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Faces Of Afghanistan: Why A Personal Connection Is The Most Important Part Of Travel
"The people are sweet, the country's a mess."
I had asked an NGO worker with a teaching and military background about his perspective of Afghanistan.
It's always hard to sum up a place in a sentence, be it Australia or Afghanistan, but this one kind of said it all, in a particularly heartbreaking way.
Read a newspaper article and you get to know a place. Have an exchange with an individual in that place and you get to know a person. It is a lot easier to make assumptions about a place when we don't have that personal connection. I am reminded of the Dagobert D. Runes quote, "People travel to faraway places to watch, in fascination, the kind of people they ignore at home."
Ignoring is the easy route, facilitated by our illusion of being informed. In the day and age of the Internet and television we can know a lot about the rest of world, without ever leaving our homes, but how many of us stop to question how much we really know about the places that we read or hear about? If we do in fact "know" a place, do we take the time to do anything about it?
We travel because it's the alternative to taking the easy route. It forces us to be compassionate. To make the kind of connections that are about more than what we have read about or heard on the news.
Numbers and statistics turn to an individual interaction. A person. A brother. A sister. A mother. A husband. A personal connection puts a face to a place, and in the process changes our perspective and attachment to that place.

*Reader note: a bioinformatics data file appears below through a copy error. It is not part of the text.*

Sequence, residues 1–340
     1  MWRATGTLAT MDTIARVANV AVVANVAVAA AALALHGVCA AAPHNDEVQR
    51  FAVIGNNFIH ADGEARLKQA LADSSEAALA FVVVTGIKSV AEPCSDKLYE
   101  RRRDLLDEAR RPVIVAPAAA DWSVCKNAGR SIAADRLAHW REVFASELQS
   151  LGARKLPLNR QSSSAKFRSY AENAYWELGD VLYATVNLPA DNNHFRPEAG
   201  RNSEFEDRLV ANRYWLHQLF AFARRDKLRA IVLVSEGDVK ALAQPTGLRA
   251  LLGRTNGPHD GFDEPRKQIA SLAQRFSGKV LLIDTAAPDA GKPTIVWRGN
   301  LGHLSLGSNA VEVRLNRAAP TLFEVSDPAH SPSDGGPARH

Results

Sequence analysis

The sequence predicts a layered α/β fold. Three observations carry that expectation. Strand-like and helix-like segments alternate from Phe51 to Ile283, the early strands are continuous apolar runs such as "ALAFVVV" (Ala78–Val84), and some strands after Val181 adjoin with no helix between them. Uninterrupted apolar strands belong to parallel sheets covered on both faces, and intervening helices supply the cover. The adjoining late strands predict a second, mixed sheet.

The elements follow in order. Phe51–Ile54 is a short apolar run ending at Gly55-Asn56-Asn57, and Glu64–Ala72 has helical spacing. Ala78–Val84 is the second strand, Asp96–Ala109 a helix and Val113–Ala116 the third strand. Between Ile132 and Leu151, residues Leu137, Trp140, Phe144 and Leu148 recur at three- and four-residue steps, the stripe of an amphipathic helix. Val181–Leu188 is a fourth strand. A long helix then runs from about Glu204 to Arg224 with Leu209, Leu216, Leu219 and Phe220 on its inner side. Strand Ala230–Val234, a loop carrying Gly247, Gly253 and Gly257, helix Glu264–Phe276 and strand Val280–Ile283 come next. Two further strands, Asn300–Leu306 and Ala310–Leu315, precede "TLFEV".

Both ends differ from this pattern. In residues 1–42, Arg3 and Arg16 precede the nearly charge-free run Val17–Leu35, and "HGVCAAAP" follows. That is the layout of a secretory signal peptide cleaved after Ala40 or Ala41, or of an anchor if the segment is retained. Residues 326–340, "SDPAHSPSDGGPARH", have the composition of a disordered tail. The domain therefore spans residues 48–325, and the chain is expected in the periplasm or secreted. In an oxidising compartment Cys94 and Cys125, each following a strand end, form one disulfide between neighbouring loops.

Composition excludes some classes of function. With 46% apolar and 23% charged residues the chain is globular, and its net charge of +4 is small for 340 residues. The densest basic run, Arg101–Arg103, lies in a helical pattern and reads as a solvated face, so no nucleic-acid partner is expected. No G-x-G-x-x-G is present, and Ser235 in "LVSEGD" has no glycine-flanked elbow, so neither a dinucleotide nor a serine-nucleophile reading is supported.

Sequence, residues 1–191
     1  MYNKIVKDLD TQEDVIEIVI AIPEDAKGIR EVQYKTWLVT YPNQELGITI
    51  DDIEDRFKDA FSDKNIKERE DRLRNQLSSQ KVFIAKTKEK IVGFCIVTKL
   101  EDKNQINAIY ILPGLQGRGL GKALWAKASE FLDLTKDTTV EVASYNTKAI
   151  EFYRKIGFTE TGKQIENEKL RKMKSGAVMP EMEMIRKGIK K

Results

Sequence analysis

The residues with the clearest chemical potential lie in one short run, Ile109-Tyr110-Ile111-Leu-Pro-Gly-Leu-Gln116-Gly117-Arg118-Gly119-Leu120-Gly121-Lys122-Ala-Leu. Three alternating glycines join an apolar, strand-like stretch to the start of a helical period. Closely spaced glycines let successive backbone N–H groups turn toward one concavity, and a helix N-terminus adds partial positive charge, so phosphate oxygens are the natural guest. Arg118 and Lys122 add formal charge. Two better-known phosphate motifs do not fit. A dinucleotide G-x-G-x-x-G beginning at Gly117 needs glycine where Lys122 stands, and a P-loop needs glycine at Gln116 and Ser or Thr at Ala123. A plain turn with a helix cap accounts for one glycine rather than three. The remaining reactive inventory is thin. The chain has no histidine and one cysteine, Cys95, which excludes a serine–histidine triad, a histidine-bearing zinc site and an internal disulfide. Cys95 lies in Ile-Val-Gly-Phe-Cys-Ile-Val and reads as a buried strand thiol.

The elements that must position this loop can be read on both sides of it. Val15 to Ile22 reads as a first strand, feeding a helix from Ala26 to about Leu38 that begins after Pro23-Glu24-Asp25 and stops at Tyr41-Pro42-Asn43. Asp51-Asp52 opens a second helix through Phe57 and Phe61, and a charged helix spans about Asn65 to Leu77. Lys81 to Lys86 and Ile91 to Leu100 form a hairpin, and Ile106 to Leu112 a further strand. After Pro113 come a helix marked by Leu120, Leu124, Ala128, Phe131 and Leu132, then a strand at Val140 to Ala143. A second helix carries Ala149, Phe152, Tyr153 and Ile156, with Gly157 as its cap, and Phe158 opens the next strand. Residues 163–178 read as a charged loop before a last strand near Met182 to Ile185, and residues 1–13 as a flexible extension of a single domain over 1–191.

In Afghanistan, as I was offered cups of tea from strangers, taught words in Dari and asked about my own perspectives of the country, it was clear that for me this place of conflict was shifting from a far off war zone to a collection of faces and personalities. Before, when someone said the word "Afghanistan" my mind immediately went to suicide bombers and AK 47s. Now it goes to a handshake, a necklace given as a parting present, brunch in someone's home overlooking a garden, an email asking if I am keeping up on my Dari.
We need policy and diplomats and humanitarian organizations to build a platform for positive change in this world. But we also need personal interactions – the kind that shape how we look at and understand a place.
At the end of October, Anna Brones spent two weeks in Afghanistan with nonprofit Mountain2Mountain working to produce several Streets of Afghanistan public photo exhibits. This series chronicles the work on that trip and what it's like to travel in Afghanistan. Follow along here.
[Photo Credits: Anna Brones]